linas

Decision Theory FAQ

The FAQ states that omega has/is a computer the size of the moon -- that's huge but finite. I believe its possible, with today's technology, to create a randomizer that an omega of this size cannot predict. However smart omega is, one can always create a randomizer that omega cannot break.

Decision Theory FAQ

Yes. I was confused, and perhaps added to the confusion.

Decision Theory FAQ

Hmm, the FAQ, as currently worded, does not state this. It simply implies that the agent is human, that omega has made 1000 correct predictions, and that omega has billions of sensors and a computer the size of the moon. That's large, but finite. One may assign some finite complexity to Omega -- say 100 bits per atom times the number of atoms in the moon, whatever. I believe that one may devise pseudo-random number generators that can defy this kind of compute power. The relevant point here is that Omega, while powerful, is still not "God" (infinite, infallible, all-seeing), nor is it an "oracle" (in the computer-science definition of an "oracle": viz a machine that can decide undecidable computational problems).

Decision Theory FAQ

Huh? Can you explain? Normally, one states that a mechanical device is "predicatable": given its current state and some effort, one can discover its future state. Machines don't have the ability to choose. Normally, "choice" is something that only a system possessing free will can have. Is that not the case? Is there some other "standard usage"? Sorry, I'm a newbie here, I honestly don't know more about this subject, other than what i can deduce by my own wits.

Is risk aversion really irrational ?

There needs to be an exploration of addiction and rationality. Gamblers are addicted; we know some of the brain mechanisms of addiction -- some neurotransmitter A is released in brain region B, Causing C to deplete, causing a dependency on the reward that A provides. This particular neuro-chemical circuit derives great utility from the addiction, thus driving the behaviour. By this argument, perhaps one might argue that addicts are "rational", because they derive a great utility from their addiction. But is this argument faulty?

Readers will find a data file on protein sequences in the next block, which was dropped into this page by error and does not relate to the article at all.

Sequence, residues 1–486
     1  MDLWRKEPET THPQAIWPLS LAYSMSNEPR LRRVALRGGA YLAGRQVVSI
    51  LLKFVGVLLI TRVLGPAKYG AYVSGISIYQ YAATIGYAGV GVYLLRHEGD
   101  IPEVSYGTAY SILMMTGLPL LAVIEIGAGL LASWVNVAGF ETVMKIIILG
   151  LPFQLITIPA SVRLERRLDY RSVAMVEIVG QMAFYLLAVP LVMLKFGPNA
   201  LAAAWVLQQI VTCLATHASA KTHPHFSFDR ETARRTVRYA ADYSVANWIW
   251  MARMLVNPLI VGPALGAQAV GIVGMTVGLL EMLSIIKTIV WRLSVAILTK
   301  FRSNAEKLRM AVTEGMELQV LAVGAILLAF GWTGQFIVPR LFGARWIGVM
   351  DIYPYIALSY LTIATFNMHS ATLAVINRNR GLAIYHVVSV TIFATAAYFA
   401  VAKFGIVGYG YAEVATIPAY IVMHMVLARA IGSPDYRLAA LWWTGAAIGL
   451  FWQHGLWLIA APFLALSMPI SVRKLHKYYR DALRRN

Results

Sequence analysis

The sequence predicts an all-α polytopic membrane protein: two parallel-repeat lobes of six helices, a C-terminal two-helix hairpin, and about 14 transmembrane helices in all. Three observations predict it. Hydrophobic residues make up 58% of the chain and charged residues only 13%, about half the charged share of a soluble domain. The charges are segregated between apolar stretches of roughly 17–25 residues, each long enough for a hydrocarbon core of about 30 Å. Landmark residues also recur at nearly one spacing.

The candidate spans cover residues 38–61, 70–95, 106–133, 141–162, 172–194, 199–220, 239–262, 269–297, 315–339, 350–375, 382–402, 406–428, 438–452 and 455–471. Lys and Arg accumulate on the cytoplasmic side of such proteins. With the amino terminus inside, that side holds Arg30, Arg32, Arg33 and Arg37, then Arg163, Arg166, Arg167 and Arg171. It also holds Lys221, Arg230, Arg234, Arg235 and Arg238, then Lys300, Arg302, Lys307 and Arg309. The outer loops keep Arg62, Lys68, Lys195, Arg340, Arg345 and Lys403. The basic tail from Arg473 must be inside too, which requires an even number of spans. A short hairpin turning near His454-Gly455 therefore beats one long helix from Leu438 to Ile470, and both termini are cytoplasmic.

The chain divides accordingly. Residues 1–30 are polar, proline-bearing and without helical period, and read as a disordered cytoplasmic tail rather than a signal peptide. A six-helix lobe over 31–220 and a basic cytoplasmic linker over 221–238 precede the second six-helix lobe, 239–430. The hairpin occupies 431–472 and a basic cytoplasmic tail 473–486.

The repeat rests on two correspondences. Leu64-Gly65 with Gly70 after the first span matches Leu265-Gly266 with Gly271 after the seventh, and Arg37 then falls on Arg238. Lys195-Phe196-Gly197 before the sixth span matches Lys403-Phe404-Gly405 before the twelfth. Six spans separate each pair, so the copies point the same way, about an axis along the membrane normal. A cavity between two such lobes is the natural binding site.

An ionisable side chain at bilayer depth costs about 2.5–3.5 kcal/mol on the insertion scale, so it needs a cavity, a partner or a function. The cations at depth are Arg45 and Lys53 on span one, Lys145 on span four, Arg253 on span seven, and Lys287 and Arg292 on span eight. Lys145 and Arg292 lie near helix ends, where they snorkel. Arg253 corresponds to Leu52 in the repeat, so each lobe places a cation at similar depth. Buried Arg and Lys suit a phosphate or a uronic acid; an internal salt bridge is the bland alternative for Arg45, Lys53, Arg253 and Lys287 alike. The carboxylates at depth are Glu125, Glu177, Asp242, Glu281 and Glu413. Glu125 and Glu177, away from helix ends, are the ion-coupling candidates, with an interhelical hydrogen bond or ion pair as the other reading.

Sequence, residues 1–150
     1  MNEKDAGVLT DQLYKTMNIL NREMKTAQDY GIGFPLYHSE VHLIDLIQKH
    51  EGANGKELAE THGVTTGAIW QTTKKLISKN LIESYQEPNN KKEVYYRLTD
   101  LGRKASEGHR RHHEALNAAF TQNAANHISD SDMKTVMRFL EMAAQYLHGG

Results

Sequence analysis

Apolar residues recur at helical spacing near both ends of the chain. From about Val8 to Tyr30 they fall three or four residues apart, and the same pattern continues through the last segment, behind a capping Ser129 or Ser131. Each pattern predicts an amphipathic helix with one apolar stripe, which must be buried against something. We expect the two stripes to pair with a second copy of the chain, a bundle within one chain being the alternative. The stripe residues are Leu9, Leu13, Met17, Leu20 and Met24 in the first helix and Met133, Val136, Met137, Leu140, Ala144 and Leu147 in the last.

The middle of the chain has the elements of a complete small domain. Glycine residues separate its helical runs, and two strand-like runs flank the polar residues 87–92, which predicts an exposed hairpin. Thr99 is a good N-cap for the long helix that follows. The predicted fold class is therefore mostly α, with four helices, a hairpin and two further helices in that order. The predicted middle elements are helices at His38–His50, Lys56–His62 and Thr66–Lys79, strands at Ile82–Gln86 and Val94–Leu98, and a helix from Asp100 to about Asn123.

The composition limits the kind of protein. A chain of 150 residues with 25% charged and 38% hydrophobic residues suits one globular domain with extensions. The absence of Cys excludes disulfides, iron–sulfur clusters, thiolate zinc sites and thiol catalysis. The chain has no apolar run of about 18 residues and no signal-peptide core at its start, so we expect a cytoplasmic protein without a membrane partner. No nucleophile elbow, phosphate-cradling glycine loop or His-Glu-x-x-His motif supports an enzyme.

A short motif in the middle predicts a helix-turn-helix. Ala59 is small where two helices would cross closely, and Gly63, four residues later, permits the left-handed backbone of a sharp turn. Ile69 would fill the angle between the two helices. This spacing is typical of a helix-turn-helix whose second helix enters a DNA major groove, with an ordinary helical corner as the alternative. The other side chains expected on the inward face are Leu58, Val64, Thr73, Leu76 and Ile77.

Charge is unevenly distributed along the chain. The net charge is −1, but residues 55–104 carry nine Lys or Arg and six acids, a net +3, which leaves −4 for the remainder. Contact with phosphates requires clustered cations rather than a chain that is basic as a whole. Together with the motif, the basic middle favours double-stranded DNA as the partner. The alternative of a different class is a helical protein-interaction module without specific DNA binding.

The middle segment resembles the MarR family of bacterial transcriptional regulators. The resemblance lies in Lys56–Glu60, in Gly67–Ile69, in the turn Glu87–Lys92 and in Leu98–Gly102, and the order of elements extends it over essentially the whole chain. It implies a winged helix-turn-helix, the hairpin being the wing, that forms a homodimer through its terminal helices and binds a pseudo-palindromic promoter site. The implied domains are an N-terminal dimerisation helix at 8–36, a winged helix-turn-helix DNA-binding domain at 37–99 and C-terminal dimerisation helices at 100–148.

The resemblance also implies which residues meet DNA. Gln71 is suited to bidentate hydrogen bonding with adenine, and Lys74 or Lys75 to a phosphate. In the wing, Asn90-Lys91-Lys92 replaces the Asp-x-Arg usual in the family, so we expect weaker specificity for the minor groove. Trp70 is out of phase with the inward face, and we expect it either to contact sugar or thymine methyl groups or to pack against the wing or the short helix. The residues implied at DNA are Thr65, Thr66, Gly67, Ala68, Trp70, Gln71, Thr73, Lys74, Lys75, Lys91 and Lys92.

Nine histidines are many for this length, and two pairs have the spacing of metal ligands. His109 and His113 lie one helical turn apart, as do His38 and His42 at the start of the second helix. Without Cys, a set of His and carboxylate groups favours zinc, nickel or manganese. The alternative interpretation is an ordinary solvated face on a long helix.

A mechanistic explanation of addiction says the addict has no control, no free will, no ability to break the cycle. But is it fair to say that a "machine has a utility function"? Or do you need to have free before you can discuss choice?

The VNM independence axiom ignores the value of information

The collision I'm seeing is that between formal, mathematical axioms, and English language usage. Its clear that Benelliot is thinking of the axiom in mathematical terms: dry, inarguable, much like the independence axioms of probability: some statements about abstract sets. This is correct-- the proper formulation of VNM is abstract, mathematical.

Kilobug is right in noting that information has value, ignorance has cost. But that doesn't subvert the axiom, as the axioms are mathematically, by definition, correct; the way they were mapped to the example was incorrect: the choices aren't truly independent.

Its also become clear that risk-aversion is essentially the same idea as "information has value": people who are risk-averse are people who value certainty. This observation alone may well be enough to 'explain' the Allais paradox: the certainty of the 'sure thing' is worth something. All that the Allais experiment does is measure the value of certainty.

Decision Theory FAQ

Hmm. I just got a -1 on this comment ... I thought I posed a reasonable question, and I would have thought it to even be a "commonly asked question", so why would it get a -1? Am I misunderstanding something, or am I being unclear?

Decision Theory FAQ

How many times in a row will you be mugged, before you realize that omega was lying to you?

Decision Theory FAQ

OK, but this can't be a "minor detail", its rather central to the nature of the problem. The back-n-forth with incogn above tries to deal with this. Put simply, either omega is able to predict, in which case EDT is right, or omega is not able to predict, in which case CDT is right.

The source of entropy need not be a fair coin: even fully deterministic systems can have a behavior so complex that predictability is untenable. Either omega can predict, and knows it can predict, or omega cannot predict, and knows that it cannot predict. The possibility that it cannot predict, yet is erroneously convinced that it can, seems ridiculous.

I will come, unless I utterly space it off and forget.